Laapataa lady: The world has gone bonkers over the ‘disappearance’ of Kate Middleton - Hindustan Times
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Laapataa lady: The world has gone bonkers over the ‘disappearance’ of Kate Middleton

Mar 17, 2024 10:46 AM IST

Speculation about the ‘missing’ future queen of England tells us a lot about our obsession with curating the perfect image. Read on…

In a post AI world, rarely have images mattered as much as they do now. An innocuous-enough photograph of a mother and her three children has created a stir that is bouncing off our planet as if the first bugle of armageddon has been sounded.

The picture that launched a thousand conspiracies
The picture that launched a thousand conspiracies

Kate Middleton, on track to be the future queen of England, released a picture on Mother’s Day presumably with the intention to scotch rumours about her ‘disappearance’ from public view since Christmas last year. On January 17, official sources had informed the British public that she had undergone abdominal surgery that is not cancer-related and she wouldn’t be seen in public until after Easter.

That statement notwithstanding, there’s been a frenzy of conspiracy and other theories.

She’s dead (or in a coma).

She’s recovering from botched up plastic surgery.

She’s in a sulk over her husband’s ‘mistress’.

The Mother’s Day picture, reportedly taken by her husband William (who, unsurprisingly faced no flak from the fallout), was designed to put to rest these and other saner questions: Just where is Middleton? It has, in fact, had the opposite effect.

The culprit is the discovery of some what seems to be some pretty harmless tinkering, a daughter’s sweater sleeve, the position of a zipper, a blurry hand, which Middleton has belatedly admitted to. Except for one theory that her face itself has been superimposed from an earlier Vogue cover, nobody has so far suggested that Middleton’s image has been altered to make her look healthier or other than she really is.

Yet, major wire news services decided to ‘kill’ the image and asked clients to pull it down because it had been altered in violation of their ethical standards.

Picture perfect

More than anything else what ‘Kate-Gate’ tells us is the primacy of images in a world where news is now ‘content’ and words are increasingly being replaced by pictures.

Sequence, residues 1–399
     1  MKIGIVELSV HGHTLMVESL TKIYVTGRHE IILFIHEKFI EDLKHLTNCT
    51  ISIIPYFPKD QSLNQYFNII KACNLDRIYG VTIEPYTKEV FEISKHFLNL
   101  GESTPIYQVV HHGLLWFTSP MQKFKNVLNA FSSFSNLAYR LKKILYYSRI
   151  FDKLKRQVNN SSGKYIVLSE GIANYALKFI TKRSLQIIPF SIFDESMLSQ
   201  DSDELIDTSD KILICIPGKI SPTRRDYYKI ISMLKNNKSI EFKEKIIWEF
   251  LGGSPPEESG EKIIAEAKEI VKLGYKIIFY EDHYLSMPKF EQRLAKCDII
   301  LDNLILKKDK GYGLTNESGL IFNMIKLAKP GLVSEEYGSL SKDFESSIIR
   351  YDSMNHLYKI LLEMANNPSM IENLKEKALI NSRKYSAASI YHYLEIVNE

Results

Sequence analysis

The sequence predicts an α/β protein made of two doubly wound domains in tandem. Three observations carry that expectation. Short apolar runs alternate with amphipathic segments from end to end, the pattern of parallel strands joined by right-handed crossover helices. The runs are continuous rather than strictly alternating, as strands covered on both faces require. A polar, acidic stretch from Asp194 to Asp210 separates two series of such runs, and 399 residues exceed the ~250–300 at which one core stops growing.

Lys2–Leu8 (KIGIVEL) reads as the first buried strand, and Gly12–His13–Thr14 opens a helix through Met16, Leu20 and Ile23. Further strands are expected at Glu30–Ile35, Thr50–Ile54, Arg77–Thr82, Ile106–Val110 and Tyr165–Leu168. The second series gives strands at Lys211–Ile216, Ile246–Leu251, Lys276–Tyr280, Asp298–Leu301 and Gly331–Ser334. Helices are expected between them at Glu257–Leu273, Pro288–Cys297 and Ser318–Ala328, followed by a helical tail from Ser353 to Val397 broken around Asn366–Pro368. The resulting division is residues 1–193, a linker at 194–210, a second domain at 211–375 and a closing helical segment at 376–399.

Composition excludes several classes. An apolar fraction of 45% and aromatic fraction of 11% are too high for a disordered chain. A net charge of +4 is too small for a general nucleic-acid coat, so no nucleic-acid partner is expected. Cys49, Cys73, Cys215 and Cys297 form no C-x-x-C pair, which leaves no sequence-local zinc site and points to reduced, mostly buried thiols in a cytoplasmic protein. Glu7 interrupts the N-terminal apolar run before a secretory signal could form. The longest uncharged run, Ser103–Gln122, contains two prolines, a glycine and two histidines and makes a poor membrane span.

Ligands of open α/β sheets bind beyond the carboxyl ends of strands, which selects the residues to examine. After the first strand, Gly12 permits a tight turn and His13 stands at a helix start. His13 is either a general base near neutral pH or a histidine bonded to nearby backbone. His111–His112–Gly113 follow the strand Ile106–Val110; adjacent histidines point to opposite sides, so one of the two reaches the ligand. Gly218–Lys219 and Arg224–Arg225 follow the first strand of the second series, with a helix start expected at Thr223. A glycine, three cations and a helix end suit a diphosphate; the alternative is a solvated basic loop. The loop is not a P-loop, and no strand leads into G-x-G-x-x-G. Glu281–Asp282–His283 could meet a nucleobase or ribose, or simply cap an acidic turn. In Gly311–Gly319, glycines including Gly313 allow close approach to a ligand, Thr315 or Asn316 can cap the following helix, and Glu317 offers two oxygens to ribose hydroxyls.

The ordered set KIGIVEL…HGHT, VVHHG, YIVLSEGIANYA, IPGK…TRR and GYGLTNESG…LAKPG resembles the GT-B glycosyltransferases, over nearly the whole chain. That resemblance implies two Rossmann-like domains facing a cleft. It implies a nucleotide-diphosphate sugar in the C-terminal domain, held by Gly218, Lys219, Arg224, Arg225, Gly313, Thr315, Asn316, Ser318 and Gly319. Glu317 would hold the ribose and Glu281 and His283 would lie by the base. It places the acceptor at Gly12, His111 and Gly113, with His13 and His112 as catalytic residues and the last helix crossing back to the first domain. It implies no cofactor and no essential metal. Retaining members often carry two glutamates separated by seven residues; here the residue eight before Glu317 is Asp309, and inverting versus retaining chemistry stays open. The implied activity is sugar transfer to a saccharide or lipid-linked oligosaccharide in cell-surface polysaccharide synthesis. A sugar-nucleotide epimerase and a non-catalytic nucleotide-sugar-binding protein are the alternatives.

There is nothing thoughtless or candid about these images. Whether we are consuming images of

the British royal family, a naked John Cena presenting the Oscars for best costume design, airport sightings of immaculately dressed celebrities by paparazzi, or the wedding celebrations of the son of Asia’s richest man. What we see are pre-planned exercises crafted to project a certain image.

The picture of a mother surrounded by her happy, smiling children? Robust wholesomeness. A-list Bollywood stars and global industry leaders at the wedding celebrations of the son of Asia’s wealthiest individual? Glamour, power and unabashed excess. The curated photographs of family and hand-picked friends resulted in a flurry of coverage from every media outlet in India and also the more conservative Financial Times and The Economist.

The fact that we simply cannot get enough of either—too little of one and too much of the other—says something about us as a society, rivetted, entertained and distracted by what would be tabloid fodder but now makes mainstream headlines.

Perhaps the reality of our world is too much to bear. We are witnessing an ongoing genocide in Gaza where children subsist on animal feed or starve to death. Where gangs in Haiti led by a figure called Barbecue has erupted in violence. Where economic crisis in Nigeria has led to food looting. Where the war between Ukraine and Russia drags on. Where we must gloomily consider the prospect of Donald Trump coming back to power in a country where hard-won rights for abortion won half a century ago are under threat again.

But equally, the two moments tell us of the vulnerabilities and humanity of their subjects. Behind the picture-perfect images is a mother airbrushing her children’s images to their best advantage. Images of the world’s rich and beautiful celebrating an individual’s impending nuptials tells us that for all his wealth and influence, Asia’s richest man is not immune to being a film fan—like billions of others across the globe.

In 1545, the artist Agnolo Bronzino completed a commissioned portrait of Eleonora di Toleda, a Spanish noblewoman who had married into the powerful Medici family. A fascinating April 2023 report in The Economist recounts how the portrait, which hangs in Pitti Palace in Florence built by her funds, conveys not just Medici wealth but the source of that wealth too. It was Eleonora who not only financed many of her husband’s political campaigns but stepped in as regent thrice while he was away.

She also apparently commissioned her own portrait to send out one simple message: She mattered.

The views expressed are personal. The following article is an excerpt from this week's Mind the Gap. Subscribe here.

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